31
May
10

What’s shaping your leadership style?

You are not the leader want to be, can be, or should be. That’s an in-your-face statement. I wrote it to make sure that I would have your attention. So, you’re a leader. You have strengths, abilities and unique qualities that brought you to this point in your career. Yet, most of your success can be narrowed down to just a couple of strengths where you really excel and shine – where you’re in your groove and at your best. Maybe it’s how you communicate and inspire others. Maybe it’s your attention to detail and accountability. Maybe it’s that tenacious nature of yours that keeps you going, overcoming obstacles in your way. Maybe it’s your honesty, compassion for others and trustworthiness. All are essential attributes, but in the real world, there are forces at work that can dial down your strengths and even cause them to diminish.

The opposing force of strength is weakness. Everyone has weaknesses – things you’re not good at, things that get in your way, things that slow you down. And when you have to do something that plays to a weakness, you derive little, if any, satisfaction. You just want to get it done or you avoid it entirely. You need to be aware of your weaknesses and ensure that they don’t dial-down the potency of your strengths.

Consider this common leadership scenario: You have several major change-resisters in your business. Some are outspoken and always seem to have the ear of other team members. Others are more passive aggressive and give the impression that they’re onboard, but their actions, behaviors and performance tell another story. They resist change or new systems simply by not engaging – like a gas engine with a piston that doesn’t fire. It goes through the motions like the other pistons but it’s not contributing and saps energy. You’re the leader. You need to pull your team together and perform, but you’re up against some challenging forces.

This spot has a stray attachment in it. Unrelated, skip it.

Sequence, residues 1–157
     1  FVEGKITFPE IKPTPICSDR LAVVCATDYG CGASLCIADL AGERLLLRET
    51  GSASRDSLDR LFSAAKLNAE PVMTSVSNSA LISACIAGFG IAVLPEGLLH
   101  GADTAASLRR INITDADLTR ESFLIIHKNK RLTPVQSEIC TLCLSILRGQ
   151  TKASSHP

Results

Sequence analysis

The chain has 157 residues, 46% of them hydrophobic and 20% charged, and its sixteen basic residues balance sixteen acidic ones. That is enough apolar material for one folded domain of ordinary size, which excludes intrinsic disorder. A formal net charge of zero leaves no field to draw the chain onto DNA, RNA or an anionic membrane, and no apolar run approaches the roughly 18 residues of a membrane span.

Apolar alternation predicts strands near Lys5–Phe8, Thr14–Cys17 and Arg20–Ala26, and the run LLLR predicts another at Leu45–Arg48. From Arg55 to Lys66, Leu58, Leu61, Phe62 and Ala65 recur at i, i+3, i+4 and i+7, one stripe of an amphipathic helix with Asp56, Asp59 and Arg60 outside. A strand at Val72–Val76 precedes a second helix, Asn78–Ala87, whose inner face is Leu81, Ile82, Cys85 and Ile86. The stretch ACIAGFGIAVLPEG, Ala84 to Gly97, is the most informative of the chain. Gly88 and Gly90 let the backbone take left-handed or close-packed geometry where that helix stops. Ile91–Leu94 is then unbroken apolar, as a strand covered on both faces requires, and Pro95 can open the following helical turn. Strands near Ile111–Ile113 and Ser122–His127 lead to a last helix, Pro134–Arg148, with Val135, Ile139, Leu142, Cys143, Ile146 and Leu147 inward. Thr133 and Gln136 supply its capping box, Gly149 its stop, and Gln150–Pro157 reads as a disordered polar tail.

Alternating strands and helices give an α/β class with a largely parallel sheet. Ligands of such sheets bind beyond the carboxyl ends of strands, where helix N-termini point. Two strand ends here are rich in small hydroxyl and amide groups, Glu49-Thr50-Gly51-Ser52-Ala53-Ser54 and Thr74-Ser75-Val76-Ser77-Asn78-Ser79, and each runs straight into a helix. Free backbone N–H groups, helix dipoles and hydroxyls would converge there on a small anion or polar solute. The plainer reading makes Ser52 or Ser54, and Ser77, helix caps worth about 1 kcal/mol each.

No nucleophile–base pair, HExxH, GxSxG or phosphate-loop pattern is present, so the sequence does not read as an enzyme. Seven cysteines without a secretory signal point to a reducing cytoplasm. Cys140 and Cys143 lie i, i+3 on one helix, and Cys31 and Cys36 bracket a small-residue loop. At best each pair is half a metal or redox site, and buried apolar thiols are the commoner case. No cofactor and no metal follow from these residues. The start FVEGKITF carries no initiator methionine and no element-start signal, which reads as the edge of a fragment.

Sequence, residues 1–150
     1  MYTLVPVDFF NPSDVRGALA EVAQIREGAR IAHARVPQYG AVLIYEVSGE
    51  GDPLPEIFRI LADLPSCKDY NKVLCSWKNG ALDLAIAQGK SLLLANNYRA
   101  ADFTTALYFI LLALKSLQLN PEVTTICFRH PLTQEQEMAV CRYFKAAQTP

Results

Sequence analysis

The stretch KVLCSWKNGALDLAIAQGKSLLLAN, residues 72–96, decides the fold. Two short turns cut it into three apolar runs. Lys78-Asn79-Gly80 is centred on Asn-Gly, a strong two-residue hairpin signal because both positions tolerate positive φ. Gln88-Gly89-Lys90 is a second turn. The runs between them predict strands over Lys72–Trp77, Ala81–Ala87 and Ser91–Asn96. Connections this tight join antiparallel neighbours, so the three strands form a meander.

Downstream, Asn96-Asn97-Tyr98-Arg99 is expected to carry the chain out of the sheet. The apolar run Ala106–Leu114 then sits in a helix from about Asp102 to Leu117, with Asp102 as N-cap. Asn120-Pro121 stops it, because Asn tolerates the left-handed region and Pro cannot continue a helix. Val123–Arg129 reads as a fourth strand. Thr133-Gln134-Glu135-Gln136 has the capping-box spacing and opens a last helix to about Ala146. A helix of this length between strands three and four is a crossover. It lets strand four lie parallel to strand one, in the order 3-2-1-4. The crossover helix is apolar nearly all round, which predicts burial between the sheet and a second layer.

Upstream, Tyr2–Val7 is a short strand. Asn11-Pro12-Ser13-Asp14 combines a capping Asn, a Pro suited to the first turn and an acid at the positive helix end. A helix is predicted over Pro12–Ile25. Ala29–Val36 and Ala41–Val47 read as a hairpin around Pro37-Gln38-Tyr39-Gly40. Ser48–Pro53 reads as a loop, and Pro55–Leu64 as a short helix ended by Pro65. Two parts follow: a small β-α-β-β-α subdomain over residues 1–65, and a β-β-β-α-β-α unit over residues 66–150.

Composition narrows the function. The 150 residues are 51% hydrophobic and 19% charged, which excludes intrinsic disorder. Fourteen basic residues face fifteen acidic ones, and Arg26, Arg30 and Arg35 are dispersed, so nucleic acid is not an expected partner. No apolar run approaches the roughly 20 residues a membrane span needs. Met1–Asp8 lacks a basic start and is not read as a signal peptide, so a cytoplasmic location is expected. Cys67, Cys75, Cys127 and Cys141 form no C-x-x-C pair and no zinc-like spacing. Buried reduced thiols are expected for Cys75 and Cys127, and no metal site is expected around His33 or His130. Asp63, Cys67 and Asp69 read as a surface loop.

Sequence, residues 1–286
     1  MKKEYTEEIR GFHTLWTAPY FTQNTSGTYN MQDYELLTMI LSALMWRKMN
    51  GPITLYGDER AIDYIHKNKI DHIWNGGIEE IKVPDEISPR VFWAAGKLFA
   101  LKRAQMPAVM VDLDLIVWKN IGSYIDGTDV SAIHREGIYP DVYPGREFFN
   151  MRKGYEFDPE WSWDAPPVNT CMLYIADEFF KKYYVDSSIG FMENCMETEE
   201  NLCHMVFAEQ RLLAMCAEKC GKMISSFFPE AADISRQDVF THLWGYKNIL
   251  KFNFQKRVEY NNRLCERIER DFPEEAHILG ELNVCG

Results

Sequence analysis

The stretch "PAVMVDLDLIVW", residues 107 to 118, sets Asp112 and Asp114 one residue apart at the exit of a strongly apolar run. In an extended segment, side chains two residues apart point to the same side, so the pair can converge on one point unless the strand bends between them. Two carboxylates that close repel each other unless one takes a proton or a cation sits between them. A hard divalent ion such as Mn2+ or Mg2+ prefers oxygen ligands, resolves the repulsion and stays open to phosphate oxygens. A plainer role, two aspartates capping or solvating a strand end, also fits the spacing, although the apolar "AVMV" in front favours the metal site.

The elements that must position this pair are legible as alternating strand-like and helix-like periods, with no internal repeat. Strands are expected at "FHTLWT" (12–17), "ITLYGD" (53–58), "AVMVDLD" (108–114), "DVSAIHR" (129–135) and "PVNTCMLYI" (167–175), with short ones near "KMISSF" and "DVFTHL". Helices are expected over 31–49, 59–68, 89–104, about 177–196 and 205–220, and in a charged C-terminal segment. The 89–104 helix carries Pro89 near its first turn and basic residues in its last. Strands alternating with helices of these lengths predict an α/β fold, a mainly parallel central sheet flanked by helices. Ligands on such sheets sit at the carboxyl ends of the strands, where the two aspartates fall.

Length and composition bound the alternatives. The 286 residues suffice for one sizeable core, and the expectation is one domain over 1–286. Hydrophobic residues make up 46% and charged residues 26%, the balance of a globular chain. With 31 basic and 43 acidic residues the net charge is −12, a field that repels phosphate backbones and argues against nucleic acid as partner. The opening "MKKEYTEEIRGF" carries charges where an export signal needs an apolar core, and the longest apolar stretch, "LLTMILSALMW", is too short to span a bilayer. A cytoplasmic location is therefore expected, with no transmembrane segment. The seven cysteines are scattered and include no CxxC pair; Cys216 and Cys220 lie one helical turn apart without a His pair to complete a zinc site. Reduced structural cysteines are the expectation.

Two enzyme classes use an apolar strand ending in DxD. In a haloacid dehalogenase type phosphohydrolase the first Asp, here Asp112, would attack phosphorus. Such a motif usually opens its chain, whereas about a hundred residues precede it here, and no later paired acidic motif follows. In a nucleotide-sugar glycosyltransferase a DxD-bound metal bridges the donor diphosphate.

Let’s say you keep pushing and prodding your team to perform. You have conversations with your change resisters. You see glimmers of hope but the old behaviors just keep coming back. You dive into leadership mode again, and again the old behaviors resurface. But each time you re-engage to get all of your team’s pistons firing in sync, your level of intensity keeps dialing back. Eventually, the change resisters wear you down, and you accept the current level of performance as “normal.” Your weaknesses, or as I call them, your leadership blockages, shape your leadership style into something less effective.

Those great leadership attributes that define you are still present; they’ve just been dialed down, or in some cases, sequestered. Consider these strategies to dial them up again or, if necessary, set them free:

  • Retake control of your leadership style: What would it look like if you showed up to work as the leader you know you are? I’m not saying you go home as Snow White and return as Warren Buffet. You’ll freak your people and yourself out. I am saying that you show up as a focused, determined and accountable leader. Isn’t that who your employees need? Show up as the leader you want to be and leave the indecisive and timid leader at home.